More lagoons and deserts before we stopped for a view of an oddly-shaped volcanic rock. The arbol de piedra (tree rock), made up of distinct rock compositions, had rather strangely taken the form of a tree after years of erosion.

Frolicking in salt

Shadows cast on the salt flats
By dusk, we found our abode for the night glowing under a red sky: A hotel made entirely out of salt. The walls, ceiling, beds and tables - everything was built from giant blocks of salt.

Before the crack of dawn on our final day of the tour, we were up early to catch the first rays of sunlight on the salt flat. There was not a noise around us except for the howling of strong winds and the occasional bird in the sky. The expanse of salt was so immense, we could even see the curvature of Earth at an angle.

In a desert of such magnitude, the last thing I had expected to find was an island. The Isla del Pescado (or Isla de Incahuasi) stands precariously in the middle of the vast whiteness, with giant cacti blanketing its hilltops. The view from the peak of the islet: Priceless.

There is a museum in the middle of the Salar - a converted salt hotel, displaying salt figures and salt beds - but the authorities no longer allow any form of construction on the Salar so as to protect and conserve the environment.

And it should be protected. As Lanzaro pointed out, there's magic to be found in the Salar.

Trip tips

Shopkeeper in Salt Museum
Getting there

The nearest airport is in Bolivia's capital, La Paz. United, American and TACA Airlines fly there, with two stop-overs, for $4,000.

How to get to Tupiza

Catch a bus to Oruro (3 hours, $5, leaves hourly) and then a night train to Tupiza (11 hours, $12, Saturday to Tuesday). Check www.bolivia.freehosting.net for detailed schedule. Most locals speak only Spanish so try to pick up a few words before you go.

When to go

The best time to visit is in dry season (April to October) when road conditions are safer. The roads are muddy and dangerous during the rainy season. Weather conditions in Uyuni can be harsh so bring plenty of warm clothes and water.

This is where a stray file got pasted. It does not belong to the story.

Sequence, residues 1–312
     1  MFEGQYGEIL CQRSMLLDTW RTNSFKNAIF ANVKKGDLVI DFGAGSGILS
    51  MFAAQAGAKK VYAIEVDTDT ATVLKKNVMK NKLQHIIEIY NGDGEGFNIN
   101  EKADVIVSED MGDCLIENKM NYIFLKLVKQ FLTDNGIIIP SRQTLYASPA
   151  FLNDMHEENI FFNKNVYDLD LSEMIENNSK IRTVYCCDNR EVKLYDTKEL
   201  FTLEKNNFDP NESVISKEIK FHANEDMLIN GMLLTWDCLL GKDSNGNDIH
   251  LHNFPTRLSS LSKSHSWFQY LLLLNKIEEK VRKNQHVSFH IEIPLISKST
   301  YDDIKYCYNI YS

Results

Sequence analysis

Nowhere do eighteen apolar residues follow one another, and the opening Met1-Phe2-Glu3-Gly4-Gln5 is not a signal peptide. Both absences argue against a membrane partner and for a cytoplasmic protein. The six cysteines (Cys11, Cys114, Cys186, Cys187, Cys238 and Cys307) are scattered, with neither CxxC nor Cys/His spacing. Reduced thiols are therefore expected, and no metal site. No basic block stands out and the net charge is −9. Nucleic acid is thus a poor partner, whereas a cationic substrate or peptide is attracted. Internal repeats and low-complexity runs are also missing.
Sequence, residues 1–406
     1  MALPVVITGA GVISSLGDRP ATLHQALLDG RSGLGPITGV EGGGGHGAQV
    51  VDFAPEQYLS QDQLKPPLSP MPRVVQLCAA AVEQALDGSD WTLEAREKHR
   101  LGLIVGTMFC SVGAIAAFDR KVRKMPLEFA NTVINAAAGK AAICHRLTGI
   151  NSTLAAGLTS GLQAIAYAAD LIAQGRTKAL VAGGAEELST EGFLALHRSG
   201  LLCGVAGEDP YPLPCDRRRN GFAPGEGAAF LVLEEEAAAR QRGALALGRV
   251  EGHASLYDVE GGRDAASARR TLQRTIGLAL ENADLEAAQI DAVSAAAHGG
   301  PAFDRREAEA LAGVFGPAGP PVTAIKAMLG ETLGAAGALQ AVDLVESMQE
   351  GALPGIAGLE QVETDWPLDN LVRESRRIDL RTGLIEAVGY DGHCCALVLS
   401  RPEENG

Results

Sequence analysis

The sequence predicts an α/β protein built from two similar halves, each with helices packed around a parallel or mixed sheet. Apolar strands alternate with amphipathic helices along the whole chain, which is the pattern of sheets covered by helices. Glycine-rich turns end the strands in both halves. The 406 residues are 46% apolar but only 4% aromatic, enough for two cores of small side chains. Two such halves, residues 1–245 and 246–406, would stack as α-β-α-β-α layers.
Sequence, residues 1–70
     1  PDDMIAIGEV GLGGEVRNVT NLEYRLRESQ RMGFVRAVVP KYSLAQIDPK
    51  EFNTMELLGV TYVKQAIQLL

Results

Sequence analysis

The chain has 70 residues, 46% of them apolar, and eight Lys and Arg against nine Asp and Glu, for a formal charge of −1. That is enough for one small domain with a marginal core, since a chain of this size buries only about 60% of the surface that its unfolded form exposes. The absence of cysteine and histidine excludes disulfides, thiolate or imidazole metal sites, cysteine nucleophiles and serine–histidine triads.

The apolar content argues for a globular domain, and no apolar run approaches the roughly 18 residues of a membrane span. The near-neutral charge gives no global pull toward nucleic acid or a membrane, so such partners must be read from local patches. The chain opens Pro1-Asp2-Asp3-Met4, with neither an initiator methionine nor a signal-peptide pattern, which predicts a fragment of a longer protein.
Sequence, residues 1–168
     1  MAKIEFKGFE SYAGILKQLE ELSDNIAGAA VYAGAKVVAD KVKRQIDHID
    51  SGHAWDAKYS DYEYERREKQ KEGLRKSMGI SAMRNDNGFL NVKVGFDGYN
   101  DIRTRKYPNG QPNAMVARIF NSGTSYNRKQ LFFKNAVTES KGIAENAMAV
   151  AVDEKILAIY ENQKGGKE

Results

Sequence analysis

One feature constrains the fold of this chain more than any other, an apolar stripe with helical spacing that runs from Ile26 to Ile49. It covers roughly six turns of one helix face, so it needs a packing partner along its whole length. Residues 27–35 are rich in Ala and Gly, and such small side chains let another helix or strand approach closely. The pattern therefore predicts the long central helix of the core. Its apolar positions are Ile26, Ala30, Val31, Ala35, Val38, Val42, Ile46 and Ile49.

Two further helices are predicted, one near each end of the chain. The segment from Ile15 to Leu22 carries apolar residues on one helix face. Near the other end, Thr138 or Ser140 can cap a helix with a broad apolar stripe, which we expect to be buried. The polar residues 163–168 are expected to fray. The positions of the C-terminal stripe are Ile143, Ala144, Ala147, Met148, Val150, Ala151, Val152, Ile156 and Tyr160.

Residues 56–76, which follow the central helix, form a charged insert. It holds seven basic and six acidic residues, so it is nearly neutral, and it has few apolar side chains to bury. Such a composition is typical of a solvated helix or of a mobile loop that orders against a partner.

Tour operators

United Airlines
- We went on a tour organised by La Torre Tours (www.latorretours-tupiza.com). Tour prices depend on the season and number of people in the group. For a 4-pax group, the cost is approximately $240 per person, with food, basic accommodation and driver included.

- Valle Hermoso Tours (www.vallehermosotours.com) offers a variety of options. You can include an extra day of volcano-climbing, an extension into Chile or choose to depart from Uyuni.

- Oasis Tours (www.oasistours-bo.com) arranges the same itinerary and has offices all over Bolivia.

- Ruta Verde Bolivia (www.rutaverdebolivia.com) organises private, up-market tours with comfortable accommodation options, suitable for older travellers.

From TODAY, Travel - Saturday, 22-May-2010
Salt of the earth

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The Land of Oz: All out Down Under

Sydney Opera House, The Macquarie Visions, SydneyImage by Dushan and Miae via Flickr
I'd not be adding to the text, lest I subtract from it.

Read on...

All out Down Under

Vivid Sydney comes to life

by He Peiwen

IF YOU'RE the kind of traveller who wants to go beyond simply scratching the surface of a city and really get to know its heart and soul, Vivid Sydney might just be the festival for you.

Taking place from May 27 to June 21, Vivid Sydney is a large-scale annual festival - the largest of its kind in Australia - that showcases the city's arts, cultural and creative scene.

Taking place at Hyde Park, Macquarie Street, Darling Harbour, Circular Quay and the Sydney Opera House, the programme includes massive light installation and projection shows, as well as performances, exhibitions, discussions and presentations by those in the music, arts and creative industries.

The highlight of this second instalment of the festival is Vivid LIVE, which takes place over two weeks from May 28 to June 11, and brings together music, dance, film, theatre and comedy under one famous roof.

Part of Vivid LIVE is the highly popular illumination of the Opera House's iconic sails. Images of the spectacular sight were broadcasted to more than 200 countries and seen by over 60 million people last year.

This time, the curators of Vivid LIVE are legendary Velvet Underground founder Lou Reed and performance artist Laurie Anderson. Drawing together their different backgrounds in music and performance and visual arts, the couple has been working towards a selection of works that promise to capture the imagination.

Said Anderson: "The point is to present a lot of things that you wouldn't normally go to but gives people the chance to jump off their street. It will be kind of like a big crazy menu - it will have the things we like in it but it will definitely be really eclectic." He Peiwen

From TODAY, Travel - Thursday, 27-May-2010
All out Down Under